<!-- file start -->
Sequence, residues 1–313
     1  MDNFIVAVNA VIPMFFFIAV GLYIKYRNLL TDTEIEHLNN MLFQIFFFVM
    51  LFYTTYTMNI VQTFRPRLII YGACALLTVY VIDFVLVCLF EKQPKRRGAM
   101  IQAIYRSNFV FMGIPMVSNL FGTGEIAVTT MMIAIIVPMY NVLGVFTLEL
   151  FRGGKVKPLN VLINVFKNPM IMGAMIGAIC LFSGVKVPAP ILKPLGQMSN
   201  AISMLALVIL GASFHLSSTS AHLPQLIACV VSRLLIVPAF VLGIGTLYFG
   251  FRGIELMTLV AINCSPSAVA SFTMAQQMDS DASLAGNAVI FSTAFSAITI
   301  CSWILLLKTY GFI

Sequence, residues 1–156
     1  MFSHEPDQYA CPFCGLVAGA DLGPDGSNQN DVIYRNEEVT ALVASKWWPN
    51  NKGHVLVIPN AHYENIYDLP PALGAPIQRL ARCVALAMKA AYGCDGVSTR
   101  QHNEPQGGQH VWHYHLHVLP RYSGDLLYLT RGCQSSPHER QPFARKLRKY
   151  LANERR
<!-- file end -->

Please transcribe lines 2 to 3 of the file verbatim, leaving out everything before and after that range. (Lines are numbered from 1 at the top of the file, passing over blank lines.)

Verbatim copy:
     1  MDNFIVAVNA VIPMFFFIAV GLYIKYRNLL TDTEIEHLNN MLFQIFFFVM
    51  LFYTTYTMNI VQTFRPRLII YGACALLTVY VIDFVLVCLF EKQPKRRGAM